Pahrump Correspondence – November 2018

Geology Saved Spring Mountains From Mining

Tim France, standing in front of the Johnnie Mine head frame, said that the mining just stopped at the Johnnie Mining District and didn’t continue into the Spring Mountain Range. Photo by Horace Langford Jr.

Some of the more well known mines in Pahrump, like the Johnnie, the Labbie and the Congress, are pretty much close together. In fact, most of the largest mines in the  Pahrump Valey were all built at the northern end, even though legends like Breyfogle’s lost mine pointed to the nearby Spring Mountain Range. So why did the mining stop at the northern end of the Pahrump Valley? And why were the Spring Mountains never mined?

Well, they didn’t stop looking for gold in the Spring Mountains. There is plenty of evidence of mining activity and even some smaller mines there. According to Tim France, President of the Pahrump Museum Board, it just wasn’t economically feasible to mine the Spring Mountains, even though he is pretty sure that gold is there.

“If mining companies back then, and even now, took on the Spring Mountains, it would just cost them too much to get the gold out of the ground,” Tim said. “And we should be thankful they didn’t, because modern open pit mining would have devastated the mountains.”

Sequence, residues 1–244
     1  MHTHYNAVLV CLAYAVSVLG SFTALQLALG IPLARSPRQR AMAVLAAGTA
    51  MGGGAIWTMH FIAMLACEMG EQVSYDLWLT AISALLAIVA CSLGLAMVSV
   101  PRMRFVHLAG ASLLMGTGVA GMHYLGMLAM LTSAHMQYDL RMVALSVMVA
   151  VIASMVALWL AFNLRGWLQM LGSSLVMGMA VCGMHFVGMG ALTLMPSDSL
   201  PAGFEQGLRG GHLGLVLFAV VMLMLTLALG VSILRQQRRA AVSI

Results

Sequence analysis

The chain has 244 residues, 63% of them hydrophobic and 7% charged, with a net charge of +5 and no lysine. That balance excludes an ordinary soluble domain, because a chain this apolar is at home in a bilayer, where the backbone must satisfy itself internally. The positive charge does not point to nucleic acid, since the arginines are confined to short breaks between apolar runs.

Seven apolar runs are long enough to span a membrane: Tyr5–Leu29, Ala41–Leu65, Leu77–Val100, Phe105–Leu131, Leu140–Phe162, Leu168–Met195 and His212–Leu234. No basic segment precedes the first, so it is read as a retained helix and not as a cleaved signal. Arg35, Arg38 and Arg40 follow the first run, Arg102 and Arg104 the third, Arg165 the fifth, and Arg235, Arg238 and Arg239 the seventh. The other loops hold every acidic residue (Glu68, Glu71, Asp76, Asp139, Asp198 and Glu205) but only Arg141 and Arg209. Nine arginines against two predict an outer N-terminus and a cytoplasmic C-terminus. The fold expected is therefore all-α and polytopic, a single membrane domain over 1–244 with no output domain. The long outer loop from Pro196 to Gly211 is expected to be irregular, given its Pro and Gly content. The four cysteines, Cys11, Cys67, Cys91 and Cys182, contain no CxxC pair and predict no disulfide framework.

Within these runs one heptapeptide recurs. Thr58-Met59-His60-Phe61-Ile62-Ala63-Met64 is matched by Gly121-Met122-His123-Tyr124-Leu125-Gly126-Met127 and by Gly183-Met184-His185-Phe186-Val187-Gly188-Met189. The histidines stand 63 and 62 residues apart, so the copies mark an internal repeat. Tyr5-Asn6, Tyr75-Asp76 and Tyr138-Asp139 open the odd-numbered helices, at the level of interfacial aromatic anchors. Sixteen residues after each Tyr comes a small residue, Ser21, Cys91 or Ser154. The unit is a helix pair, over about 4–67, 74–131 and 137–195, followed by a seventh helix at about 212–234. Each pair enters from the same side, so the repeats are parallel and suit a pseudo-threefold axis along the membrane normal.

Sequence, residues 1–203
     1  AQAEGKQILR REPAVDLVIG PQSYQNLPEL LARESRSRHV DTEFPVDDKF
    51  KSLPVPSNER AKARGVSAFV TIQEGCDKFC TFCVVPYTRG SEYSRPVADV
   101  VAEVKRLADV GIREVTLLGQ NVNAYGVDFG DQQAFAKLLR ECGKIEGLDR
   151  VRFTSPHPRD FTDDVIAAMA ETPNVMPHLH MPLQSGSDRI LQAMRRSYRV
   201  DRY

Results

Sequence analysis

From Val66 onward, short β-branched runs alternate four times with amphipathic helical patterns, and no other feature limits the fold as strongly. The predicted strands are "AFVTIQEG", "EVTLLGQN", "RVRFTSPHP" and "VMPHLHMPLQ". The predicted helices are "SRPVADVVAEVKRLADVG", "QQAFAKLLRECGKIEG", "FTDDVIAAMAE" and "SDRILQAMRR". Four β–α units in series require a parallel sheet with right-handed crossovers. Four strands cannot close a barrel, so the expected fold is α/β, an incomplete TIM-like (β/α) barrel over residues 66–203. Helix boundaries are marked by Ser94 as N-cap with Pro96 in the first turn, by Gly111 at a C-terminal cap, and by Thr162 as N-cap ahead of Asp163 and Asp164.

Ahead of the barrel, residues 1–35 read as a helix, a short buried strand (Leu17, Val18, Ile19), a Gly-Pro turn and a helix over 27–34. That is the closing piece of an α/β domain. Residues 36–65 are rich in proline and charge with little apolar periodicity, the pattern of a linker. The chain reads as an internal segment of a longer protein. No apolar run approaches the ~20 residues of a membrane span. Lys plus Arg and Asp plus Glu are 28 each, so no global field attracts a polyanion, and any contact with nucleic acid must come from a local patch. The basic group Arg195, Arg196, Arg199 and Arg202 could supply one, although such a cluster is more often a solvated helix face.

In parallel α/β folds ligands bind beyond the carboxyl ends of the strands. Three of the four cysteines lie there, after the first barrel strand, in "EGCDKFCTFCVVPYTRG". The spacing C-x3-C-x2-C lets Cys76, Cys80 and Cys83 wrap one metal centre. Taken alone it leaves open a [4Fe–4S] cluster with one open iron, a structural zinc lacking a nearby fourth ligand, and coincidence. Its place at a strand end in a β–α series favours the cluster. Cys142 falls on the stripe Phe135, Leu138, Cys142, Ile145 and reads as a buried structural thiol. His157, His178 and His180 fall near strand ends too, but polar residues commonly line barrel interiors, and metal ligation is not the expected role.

Tim is sure there is gold in the Spring Mountains, but as to how much he has no clue. And he is sure that the mining technology of today could extract it, but it would certainly destroy the beauty of the mountains as we know them now.

What saved the Spring Mountains was the geology of the area.  For you see, the Pahrump Valley is  landlocked. There were no paved roads into the valley until 1954. And the trails into the valley were rough. Las Vegas was 110 miles via the northern exit of the town. For the longest time, people from Vegas had to come into the valley from the northern end.

The majestic Spring Mountains are on the eastern side of the Pahrump Valley, with Mount Charleston rising to 11,916 feet.

Tim Hafen, a rancher who came to Pahrump in the 1950s,  said from Vegas it was a “two tire trip,” meaning most people would get two flats on the way to Pahrump.

One  reason the larger mines were even possible back in 1905 was the existence of a rail line from Las Vegas to Tonopah, which sort of hugged today’s Highway 95. Even with the rail line close by, the cost was huge because mule teams from the rail line then had to carry the large timbers for the head frame up into the mountains.

The Pahrump Valley is landlocked by mountains. These are the mountains to the north of Pahrump, 4 to 5000, feet tall.

Then, the decline in the amount of gold coming out of the mines led to the shutting down of the rail line, which was gone by the end of the First World War. By 1930, the Johnnie Mine was pretty much played out.

Today, the Johnnie Mine is part of a Pahrump Museum project, which has led to a whole new chapter of Pahrump history.

So in the end, it was geology that saved the Spring Mountains,  which is ironic, for the very same reason the miners came to the valley in the first place has ultimately saved it.

— Vernon Hee

NevadaGram from the Nevada Travel Network ©